But coming back to the main topic: this is a serious issue. We don’t buy the power grip, theoretically giving half an hour of recording, to lose the recording in a random moment. And what is this magic “battery reloading” after switching the body off and on?!

Why it is serious? Let’s consider two cases. In the first case we are the vloger. Even if we manage to see the screen, what is not so simple in X-T2 and X-H1, it is hard to keep tracking all the time the recording indicator. Once, when I was recording something what can’t be retaken, I missed the moment when first battery became empty and recording stopped and next minutes I was talking to myself only.

And second case: now we are behind the camera and can monitor the situation all the time. But… when any battery becomes empty, the camera stops recording and writes data. This takes several seconds, during which we are not able to start recording again. Effectively this means at least a few seconds of brake or pause in the recording and in turn several second “jump” of the action.

Is it hopeless situation? Fortunately not. There are at least two workarounds, until Fujifilm fixes this error in the software.

First solution:

Let’s connect external power to the grip. If possible, we can use the power supply which is provided together with the power grip. But this solution is useful in the studio only, and not in the field. So we need external power bank, able to connect to the power grip’s power inlet. Why power grip and not the body, what would be easier as in the body we have a USB socket? Because the body uses the batteries in the grip as first and then switches to the in-body battery. This means that powering the body via USB we still don’t solve the broken recording problem, as the in-body USB port charges the in-body battery only. And one more thing: even with external power supply loading the grip batteries, the grip still must be in theΒ  “Boost” mode, or we are still facing the recording time limitation like without the grip.

Second solution:

Don’t start recording πŸ™‚ No, it is not a joke – just set the camera to never sleep or switch off when inactive and connect an external recorder to the HDMI port of the body. This solution has additional advantage – it overcomes the limitation of single take to 29 minutes and 59 seconds of the photographic equipment, set by European Union. As usual, it is about money – if the camera is capable of recording more than 29 minutes and 59 seconds it no longer a photographic camera, but it becomes a video equipment, what sets higher import duties. But there are also several drawbacks of the external recorder: external recorders are very expensive and they need… next source of power. This way we come back to the problem of battery capacity – but this time for the external recorder πŸ™‚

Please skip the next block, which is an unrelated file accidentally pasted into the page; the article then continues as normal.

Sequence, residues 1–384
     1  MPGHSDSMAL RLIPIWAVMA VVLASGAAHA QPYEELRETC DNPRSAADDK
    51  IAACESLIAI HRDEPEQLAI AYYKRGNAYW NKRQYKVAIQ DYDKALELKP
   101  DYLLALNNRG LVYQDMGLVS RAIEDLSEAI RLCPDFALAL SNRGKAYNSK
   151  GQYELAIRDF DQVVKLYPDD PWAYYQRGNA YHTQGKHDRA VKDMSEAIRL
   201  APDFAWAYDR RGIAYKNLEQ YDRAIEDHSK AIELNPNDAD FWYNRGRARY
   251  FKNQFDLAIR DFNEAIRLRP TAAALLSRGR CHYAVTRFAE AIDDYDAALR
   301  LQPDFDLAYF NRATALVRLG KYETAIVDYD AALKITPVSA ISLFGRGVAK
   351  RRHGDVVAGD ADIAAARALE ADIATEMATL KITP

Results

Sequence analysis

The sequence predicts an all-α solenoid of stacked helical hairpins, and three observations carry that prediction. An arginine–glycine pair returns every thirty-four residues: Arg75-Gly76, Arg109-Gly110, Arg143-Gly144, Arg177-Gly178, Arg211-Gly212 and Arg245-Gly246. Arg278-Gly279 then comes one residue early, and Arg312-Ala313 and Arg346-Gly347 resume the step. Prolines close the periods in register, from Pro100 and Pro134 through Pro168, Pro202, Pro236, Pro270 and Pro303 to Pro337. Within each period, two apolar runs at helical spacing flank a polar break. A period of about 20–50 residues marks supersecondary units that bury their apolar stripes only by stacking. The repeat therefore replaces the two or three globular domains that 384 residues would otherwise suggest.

Time for summary – and this is call to action for Fujifilm:

Guys! Full frame mirrorless by Nikon and Canon are coming very fast! Wake up! Do you really want to lose all the videographers back to one of them?

Update:

A day after the above tests I discovered that NP-W126S batteries do NOT like to be re-charged before they are totally empty. As I wrote above, the recording before the first battery became empty was just 15 minutes. When I finished the above tests and all the batteries were empty, I charged all of them to 100%. This morning I started recording again, with the same settings as above. And now the camera has recorder full 30 minutes, after that the left battery still was at 60% and allowed for next 20 minutes of recording before it was empty (and of course, the recording stopped at this moment, despite the fact that both other batteries were still at 100%). What’s more, there was no “magic recharging” of the empty battery after I switched off and on the camera.

So far I have never discharged fully any of the NP-W126S batteries, always just re-charging when needed. It means that the NP-W126S should be fully discharged before charging.